Indian Googlers join demand to protect human rights in China

Ritu Jha –

 

Several Indian American Google employees have openly joined Amnesty International in calling on Google to cancel project Dragonfly.

The original letter, put together by Amnesty International along with 14 other human rights organizations this August and addressed to Google CEO Sundar Pichai, described concerns about reports that Google is developing a censored search engine app for the Chinese market. The project, codenamed “Dragonfly,” would represent an alarming capitulation by Google on human rights, it said.

According to the Mountain View Patch.com, more than 500 Google employees have come forward early this week, while medium.com published a list of the names of those who signed, which included several Indians.

The employees’ letter states, “We join with Amnesty International in demanding that Google cancel Dragonfly. We also demand that leadership commit to transparency, clear communication, and real accountability. Google is too powerful not to be held accountable. We deserve to know what we’re building and we deserve a say in these significant decisions.”

Silicon Valley based tech entrepreneur Vivek Wadhwa told indica the new technology was intended to address the Chinese government demands to censor free speech and monitor their citizens.

He said, “India is a free country, a democracy where this would not be tolerated. “It is good the Google employees are showing responsibility and holding their leaders responsible. It is about time that employees started speaking up.”

He cited Google’s original motto, “Do no evil” and said that the company is shifting to a model built around profit, not matter the cost, and not about uplifting humanity as originally intended.

“If they [the employees] don’t speak up, they are complicit in the damage that their work is doing. It would be like working for a cigarette maker and pretending that your product does no harm,” he said.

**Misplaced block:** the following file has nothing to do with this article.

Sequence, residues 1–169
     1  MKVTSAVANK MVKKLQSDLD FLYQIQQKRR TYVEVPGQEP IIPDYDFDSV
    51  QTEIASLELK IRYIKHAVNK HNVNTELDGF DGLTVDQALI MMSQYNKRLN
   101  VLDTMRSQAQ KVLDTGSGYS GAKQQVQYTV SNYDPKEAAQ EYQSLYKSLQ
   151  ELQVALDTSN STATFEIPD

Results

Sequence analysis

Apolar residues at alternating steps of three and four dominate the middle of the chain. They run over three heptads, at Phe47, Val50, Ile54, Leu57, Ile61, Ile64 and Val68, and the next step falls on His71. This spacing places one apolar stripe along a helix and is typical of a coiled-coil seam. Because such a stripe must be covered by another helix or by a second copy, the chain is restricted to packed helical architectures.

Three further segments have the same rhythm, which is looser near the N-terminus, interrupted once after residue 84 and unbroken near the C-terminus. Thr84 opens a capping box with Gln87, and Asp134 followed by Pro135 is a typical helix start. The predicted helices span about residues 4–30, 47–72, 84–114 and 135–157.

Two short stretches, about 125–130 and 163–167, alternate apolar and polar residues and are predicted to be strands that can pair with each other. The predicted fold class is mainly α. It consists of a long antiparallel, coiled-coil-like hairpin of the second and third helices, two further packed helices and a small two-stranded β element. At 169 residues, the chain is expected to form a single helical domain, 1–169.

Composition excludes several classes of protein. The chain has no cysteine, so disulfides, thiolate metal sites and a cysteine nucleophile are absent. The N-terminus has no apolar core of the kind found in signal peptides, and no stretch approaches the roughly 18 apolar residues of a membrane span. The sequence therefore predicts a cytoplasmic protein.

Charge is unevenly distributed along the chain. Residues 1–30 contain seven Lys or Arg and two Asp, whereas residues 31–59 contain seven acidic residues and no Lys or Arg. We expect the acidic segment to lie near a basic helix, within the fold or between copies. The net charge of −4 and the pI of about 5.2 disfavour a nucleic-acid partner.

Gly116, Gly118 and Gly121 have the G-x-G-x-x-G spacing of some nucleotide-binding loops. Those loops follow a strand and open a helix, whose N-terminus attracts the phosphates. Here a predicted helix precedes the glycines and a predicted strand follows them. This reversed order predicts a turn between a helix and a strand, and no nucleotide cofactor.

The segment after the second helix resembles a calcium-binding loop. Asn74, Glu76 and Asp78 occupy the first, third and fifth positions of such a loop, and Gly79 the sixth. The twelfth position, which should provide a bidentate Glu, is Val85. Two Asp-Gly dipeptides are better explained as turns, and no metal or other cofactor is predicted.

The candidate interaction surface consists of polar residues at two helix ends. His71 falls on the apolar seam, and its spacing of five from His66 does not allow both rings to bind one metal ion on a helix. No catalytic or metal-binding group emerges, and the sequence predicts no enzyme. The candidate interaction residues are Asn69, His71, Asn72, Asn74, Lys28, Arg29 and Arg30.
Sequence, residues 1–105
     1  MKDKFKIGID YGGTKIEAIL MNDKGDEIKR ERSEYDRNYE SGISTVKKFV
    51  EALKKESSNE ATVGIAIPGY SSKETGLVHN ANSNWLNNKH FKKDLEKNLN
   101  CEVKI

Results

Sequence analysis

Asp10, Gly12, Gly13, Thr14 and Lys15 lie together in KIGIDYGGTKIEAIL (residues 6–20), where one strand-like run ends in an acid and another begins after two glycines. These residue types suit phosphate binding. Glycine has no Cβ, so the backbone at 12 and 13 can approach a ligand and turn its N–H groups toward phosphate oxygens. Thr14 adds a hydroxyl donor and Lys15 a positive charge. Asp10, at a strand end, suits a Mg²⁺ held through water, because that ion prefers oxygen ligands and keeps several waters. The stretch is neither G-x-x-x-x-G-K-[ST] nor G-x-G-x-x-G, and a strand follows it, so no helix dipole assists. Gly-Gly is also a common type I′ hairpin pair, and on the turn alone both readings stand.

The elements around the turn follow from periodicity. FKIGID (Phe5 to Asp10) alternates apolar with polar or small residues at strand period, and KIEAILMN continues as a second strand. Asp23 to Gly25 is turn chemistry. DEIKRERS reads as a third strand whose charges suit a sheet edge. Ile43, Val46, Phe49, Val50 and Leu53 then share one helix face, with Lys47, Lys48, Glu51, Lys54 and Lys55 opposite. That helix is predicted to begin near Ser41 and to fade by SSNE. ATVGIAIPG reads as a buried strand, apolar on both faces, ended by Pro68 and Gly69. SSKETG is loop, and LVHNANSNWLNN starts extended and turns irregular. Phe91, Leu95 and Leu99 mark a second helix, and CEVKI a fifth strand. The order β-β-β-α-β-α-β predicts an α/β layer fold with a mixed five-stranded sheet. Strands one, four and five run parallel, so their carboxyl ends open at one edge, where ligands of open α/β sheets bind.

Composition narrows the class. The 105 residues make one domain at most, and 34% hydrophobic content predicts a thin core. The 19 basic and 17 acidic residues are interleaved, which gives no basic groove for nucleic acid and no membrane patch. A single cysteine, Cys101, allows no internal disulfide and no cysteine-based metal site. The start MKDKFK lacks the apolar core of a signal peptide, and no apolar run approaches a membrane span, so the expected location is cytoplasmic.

And yet, Wadhwa pointed out the difference between these employees and those at another Silicon Valley behemoth.

“Unlike Google employees, Facebook’s employees have been silent,” he said. “Comparatively, Google is the good company. Facebook bears responsibility for dozens of deaths worldwide because of its product’s defects and its malicious business practices. The United Nations said it was complicit in genocide. How can they live with themselves, being silent about this?”

He pointed out how in 2010 Google publicly exited the search market in China following cyber-attacks against the Gmail accounts of Chinese human rights activists and attempts by the Chinese government to “further limit free speech on the web.” He said that in the past decade Chinese government has strengthened its controls over the internet and blocked access to Google, Facebook, Twitter, Instagram and thousands of other foreign websites.

According to the Google employees’ letter “Providing the Chinese government with ready access to user data, as required by Chinese law, would make Google complicit in oppression and human rights abuses.”

Human rights organizations believe that the Chinese government extensively violates the rights to freedom of expression and privacy and Google would be actively participating in those violations for millions of internet users in China.

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